Toni was like fireworks in my mind. I wanted to write a spy novel, but I didn’t know where to start. All I knew was that I’d have a female spy and that the story wouldn’t involve wars or countries spying against each other. Then, one day, I read an interview with a member of a criminal family who had come clean and had to go in hiding. Sparks lit up, Toni Morretti emerged and started sharing her story.

She came with some heavy baggage, too. Not only was she a mobster’s sister with many dark secrets but also young and in dire need of a fresh start.

Following a complex character like Toni can be tricky. After publishing the first book, I plotted the second one, only to find out that Toni had made other plans. She left me no choice but to let her do her thing  and write it all down. As it turns out, her version of the story was much better than mine.

Your culinary mystery collections, “Add Cyanide to Taste” and “Pass the Cyanide,” offer readers a unique blend of crime and cuisine. What sparked your interest in combining food with suspense, and do you have a favorite recipe from either collection?

I’m a massive foodie who loves crime fiction, so it was a matter of time. The pandemic had made me anxious and uncertain about everything, so I wrote a book for myself, even though ‘culinary noir’ barely existed and I’d been told short stories don’t sell.

But ‘Add Cyanide to Taste’ won an award and people started asking for a sequel. I dropped other work and wrote the second book. It won’t be the last one, either.

In terms of recipes, I’m addicted to ’The forbidden pasta’, which my husband lovingly calls ‘abomination pasta’ because it breaks almost every rule of Italian cuisine. The ‘Leek scramble’ from book two remains one of my favourite breakfast dishes.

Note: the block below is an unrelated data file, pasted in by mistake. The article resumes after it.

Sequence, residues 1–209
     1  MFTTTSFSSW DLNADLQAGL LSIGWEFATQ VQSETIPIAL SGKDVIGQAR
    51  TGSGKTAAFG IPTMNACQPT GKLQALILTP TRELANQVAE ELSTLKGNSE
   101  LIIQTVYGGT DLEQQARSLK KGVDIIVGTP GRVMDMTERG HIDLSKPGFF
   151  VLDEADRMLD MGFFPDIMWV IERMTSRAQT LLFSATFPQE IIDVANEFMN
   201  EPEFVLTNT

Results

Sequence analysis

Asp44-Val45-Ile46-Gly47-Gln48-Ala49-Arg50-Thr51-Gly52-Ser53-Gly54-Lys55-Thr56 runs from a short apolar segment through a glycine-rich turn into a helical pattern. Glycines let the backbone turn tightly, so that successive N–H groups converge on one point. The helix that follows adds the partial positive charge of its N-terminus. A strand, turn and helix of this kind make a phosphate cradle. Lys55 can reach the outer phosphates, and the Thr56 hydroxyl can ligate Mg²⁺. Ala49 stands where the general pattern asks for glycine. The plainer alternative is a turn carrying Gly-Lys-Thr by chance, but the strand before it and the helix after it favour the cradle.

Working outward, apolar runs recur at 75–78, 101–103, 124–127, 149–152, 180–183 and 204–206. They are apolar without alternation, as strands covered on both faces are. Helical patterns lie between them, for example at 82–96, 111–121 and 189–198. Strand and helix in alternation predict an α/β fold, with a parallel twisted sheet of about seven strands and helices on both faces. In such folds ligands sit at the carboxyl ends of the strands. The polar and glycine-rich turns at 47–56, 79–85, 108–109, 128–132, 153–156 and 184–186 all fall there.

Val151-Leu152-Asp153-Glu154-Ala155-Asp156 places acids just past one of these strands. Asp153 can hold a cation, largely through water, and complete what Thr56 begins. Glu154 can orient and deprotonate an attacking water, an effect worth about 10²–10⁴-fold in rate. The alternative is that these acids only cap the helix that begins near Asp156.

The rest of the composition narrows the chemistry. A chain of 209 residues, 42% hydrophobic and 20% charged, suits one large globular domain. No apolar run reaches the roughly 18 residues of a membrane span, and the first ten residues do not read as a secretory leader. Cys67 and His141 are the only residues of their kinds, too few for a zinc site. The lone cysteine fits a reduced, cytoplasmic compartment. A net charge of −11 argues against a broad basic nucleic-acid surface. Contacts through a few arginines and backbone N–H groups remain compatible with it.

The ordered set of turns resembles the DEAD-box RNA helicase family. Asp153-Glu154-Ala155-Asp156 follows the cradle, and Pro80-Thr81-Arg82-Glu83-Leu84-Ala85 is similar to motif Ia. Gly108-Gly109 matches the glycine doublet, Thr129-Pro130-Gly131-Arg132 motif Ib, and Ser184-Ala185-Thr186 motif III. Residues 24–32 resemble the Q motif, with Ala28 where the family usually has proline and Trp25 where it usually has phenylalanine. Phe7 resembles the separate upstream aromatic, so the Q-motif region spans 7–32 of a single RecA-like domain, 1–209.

Your short stories have received recognition from various literary competitions and have been featured in prestigious publications. Can you share a bit about your experience navigating the world of literary contests, and do you have any advice for aspiring writers looking to enter their work?

My biggest takeaway was not to adapt my stories to the contests, so they’d fit in with their previous publications, but to write the stories I want and find appropriate contests for them.

In addition to your published works, you offer readers the opportunity to subscribe to your newsletter, which includes exclusive content and discounts on your ebooks. How do you approach building and maintaining a connection with your audience through platforms like newsletters and social media?

Time is the most valuable resource we have, because once spent, you can never get it back. I enjoy spending time with my subscribers and see my monthly emails as story capsules: a mix of personal and writing life. To thank them for their time and trust, I often share exclusive goodies and early/exclusive access to my work.

As far as social media go, I’m an introvert, so I mostly use them to connect with people, explore visual storytelling and share my passion for words, cats and food.